You should have seen the Hamel sisters - Bernadette, Emily, Marie and Louise - at the Casino Ballroom on Catalina Island last week.
They were acting just like teenagers, looking for boys, gossiping, laughing out loud and, as, Ethel's daughter, Terese Parkin said, "dancing up a storm."
Except they're not exactly teenagers anymore.
In fact, the Hamel sisters - that's their maiden name, by the way - are all in their 90s: Bernadette Graves, 97; Marie Graves, 94; Louise Kautsky, 92, and the baby, Ethel Schneeweis, who joined the exclusive sisterly club when she celebrated her 90th birthday last week at an unforgettable party on Catalina Island.
Dubbed "the 90-year-old teenagers," the Hamel sisters danced to the music of the Big Little Band, which played favorites like "In the Mood," "String of Pearls," and, of course, "Avalon."
"The party was extraordinary and simply unmatchable," Ethel said. "My dance card was filled all day. I am indeed a lucky woman."
And so are all the Hamel sisters, who told me there are two secrets to their longevity: healthy genes from good parents and dancing.
They could have added fertile genes, too.
Together, the sisters have 27 children, 74 grandchildren and 34 great-grandchildren (with two on the way). Ethel has eight children, Louise, nine, Marie, seven, and Bernadette, three.
The sisters are in good health and live relatively close to each other - Ethel in Seal Beach, Louise in Lakewood, Marie on Long Beach's Eastside and Bernadette in Long Beach's Bixby Knolls.
"We do lots of things together," said Ethel. "We especially like going to casinos and playing the slots."
"And don't forget playing cards," said Louise. "Any excuse for a party. Don't forget, we're French Canadians."
The Hamel sisters were born in Alberta, Canada, where their parents, Eugene and Rose, lived on a 1,000-acre wheat farm. For vacations, the Hamels visited Long Beach because they liked the sunshine and water. Eventually, the father bought a small house in Long Beach and the family spent more time here.
Tragedy struck in June 1931. In a freak accident, Mr. Hamel was killed when the horse-drawn wagon he was driving flipped over.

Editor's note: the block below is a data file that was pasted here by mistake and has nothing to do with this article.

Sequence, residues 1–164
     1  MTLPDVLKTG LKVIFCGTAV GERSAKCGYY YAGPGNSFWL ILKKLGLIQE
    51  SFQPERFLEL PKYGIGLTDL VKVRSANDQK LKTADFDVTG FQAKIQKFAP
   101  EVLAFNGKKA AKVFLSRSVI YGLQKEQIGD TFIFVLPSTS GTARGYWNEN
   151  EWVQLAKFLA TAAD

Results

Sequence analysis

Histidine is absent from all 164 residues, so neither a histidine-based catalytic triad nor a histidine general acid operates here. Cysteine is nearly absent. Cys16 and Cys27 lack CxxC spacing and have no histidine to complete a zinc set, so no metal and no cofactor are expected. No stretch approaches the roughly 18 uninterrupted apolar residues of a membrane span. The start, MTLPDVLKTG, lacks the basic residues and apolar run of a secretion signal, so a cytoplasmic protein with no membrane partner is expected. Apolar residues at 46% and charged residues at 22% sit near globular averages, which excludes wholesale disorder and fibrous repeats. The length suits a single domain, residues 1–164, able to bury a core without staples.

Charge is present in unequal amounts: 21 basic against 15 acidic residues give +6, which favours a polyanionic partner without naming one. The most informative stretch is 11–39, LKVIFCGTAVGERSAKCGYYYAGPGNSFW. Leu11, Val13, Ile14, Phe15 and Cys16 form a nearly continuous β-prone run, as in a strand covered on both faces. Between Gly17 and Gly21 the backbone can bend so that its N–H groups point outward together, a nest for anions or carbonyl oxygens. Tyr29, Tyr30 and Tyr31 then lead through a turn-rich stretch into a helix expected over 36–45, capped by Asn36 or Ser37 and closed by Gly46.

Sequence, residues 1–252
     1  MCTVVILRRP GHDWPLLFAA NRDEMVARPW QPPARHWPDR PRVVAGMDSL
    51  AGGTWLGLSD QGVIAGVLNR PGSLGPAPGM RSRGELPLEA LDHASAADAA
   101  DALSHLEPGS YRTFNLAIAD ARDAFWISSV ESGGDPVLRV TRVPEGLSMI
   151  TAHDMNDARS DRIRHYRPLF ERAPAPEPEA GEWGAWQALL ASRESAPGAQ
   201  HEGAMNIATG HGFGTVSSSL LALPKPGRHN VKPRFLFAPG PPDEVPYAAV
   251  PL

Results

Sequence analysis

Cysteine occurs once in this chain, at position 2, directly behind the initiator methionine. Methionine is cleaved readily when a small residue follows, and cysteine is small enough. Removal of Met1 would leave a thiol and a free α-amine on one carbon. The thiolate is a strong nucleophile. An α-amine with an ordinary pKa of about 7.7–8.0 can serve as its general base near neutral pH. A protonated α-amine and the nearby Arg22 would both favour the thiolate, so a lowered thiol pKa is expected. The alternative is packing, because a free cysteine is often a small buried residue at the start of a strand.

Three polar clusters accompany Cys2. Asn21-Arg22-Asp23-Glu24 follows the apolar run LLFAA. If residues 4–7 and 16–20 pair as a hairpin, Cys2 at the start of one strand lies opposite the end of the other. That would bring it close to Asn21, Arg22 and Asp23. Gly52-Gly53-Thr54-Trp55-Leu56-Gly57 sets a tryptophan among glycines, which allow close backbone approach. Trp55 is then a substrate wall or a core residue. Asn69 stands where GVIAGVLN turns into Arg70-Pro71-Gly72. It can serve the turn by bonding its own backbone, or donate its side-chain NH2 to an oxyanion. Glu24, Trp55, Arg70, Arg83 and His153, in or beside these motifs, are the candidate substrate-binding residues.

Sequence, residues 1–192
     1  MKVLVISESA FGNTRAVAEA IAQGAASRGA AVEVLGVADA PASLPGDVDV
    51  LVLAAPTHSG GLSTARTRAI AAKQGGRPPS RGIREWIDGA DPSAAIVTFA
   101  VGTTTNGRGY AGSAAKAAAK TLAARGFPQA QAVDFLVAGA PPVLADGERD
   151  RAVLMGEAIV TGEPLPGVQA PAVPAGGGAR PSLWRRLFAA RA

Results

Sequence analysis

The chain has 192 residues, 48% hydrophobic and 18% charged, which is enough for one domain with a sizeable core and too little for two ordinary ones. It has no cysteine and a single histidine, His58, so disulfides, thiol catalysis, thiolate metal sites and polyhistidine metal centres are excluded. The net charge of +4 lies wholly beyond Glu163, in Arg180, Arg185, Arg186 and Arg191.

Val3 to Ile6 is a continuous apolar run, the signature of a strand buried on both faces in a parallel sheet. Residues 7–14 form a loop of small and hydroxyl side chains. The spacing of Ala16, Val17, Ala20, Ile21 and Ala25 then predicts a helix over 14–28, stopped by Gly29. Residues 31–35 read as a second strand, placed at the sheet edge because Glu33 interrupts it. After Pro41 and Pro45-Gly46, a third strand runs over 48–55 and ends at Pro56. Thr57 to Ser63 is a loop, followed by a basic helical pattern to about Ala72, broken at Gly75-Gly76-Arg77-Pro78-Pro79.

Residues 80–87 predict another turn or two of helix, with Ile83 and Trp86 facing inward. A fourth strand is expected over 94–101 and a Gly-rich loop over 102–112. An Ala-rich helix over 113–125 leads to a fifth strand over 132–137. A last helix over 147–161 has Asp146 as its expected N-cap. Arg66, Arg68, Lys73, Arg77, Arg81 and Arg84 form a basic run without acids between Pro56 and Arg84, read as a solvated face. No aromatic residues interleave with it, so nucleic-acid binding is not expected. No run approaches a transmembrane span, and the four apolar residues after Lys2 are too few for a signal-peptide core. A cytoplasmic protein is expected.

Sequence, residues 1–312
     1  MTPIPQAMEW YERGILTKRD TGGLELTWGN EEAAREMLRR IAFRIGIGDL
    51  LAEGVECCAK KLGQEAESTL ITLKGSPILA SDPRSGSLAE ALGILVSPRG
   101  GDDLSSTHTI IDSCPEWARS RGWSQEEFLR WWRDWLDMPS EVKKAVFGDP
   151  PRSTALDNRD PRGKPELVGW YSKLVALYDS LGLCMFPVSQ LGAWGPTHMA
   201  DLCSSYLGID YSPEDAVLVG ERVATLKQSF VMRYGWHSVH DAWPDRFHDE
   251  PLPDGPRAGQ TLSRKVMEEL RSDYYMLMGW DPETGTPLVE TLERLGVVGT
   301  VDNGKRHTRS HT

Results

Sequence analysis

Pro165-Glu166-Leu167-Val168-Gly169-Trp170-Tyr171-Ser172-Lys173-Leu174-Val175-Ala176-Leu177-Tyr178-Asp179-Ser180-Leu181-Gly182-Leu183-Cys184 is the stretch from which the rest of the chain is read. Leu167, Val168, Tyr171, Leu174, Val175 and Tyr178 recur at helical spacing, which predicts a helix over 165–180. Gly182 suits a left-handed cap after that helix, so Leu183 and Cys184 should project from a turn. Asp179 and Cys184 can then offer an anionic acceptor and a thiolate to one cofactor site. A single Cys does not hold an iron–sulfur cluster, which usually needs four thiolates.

The family was devastated. Bernadette was 15, Marie 11, Louise 10 and Ethel 8. Their mother decided to make their new home in Long Beach.
The sisters attended St. Matthews School at Seventh Street and Temple Avenue and graduated from St. Anthony High School.
"There was always room in their home for their friends, music and dancing," said Terese, whose husband is Long Beach Assistant City Attorney Charlie Parkin. "Most days found them playing the piano and dancing with the rug rolled up."
As they got older, the sisters loved going to Catalina and dancing to the music of the Big Bands of the 1930s and 1940s.
The sisters all married and stayed in the Long Beach area.
Bernadette married Manuel Graves and worked as an administrator at Pacific Hospital. Marie married Manuel's brother, Chris. Louise married Lester Kautsky.
Ethel married William Schneeweis and raised eight children just a block away from Louise. Bill Schneeweis taught music in Long Beach schools for more than 40 years (at Lowell Elementary, Rogers Middle School and Lindbergh Middle School) and played trumpet professionally with Nat King Cole and Dave Brubeck.
All the sisters lost their husbands, except Louise whose husband Lester was a machinist with Aerojet General before he retired. They have been married for 64 years.
Louise said the secret to her long marriage is "arguing a lot, plus I don't have time to train another one."
Asked if he liked to dance, Lester gave Louise a hug and said, "You bet. I like being up close like this."
Last weekend the sisters went to Catalina to relive their earlier Big Band Catalina days and blow out the candles on Ethel's cake.
"It was a memorable, emotional weekend," Terese said. "The sisters have survived life's hardships sprinkled with humor and joy. They have inspired multiple generations of our family with their wisdom, humor, grace and zest for life."
On the way to Catalina, the sisters and their relatives weathered a heavy rain in the tourist boat, but, on the return trip, "We were treated fittingly to beautiful rainbows," said Terese.
The sisters relaxed and began thinking about their next dance.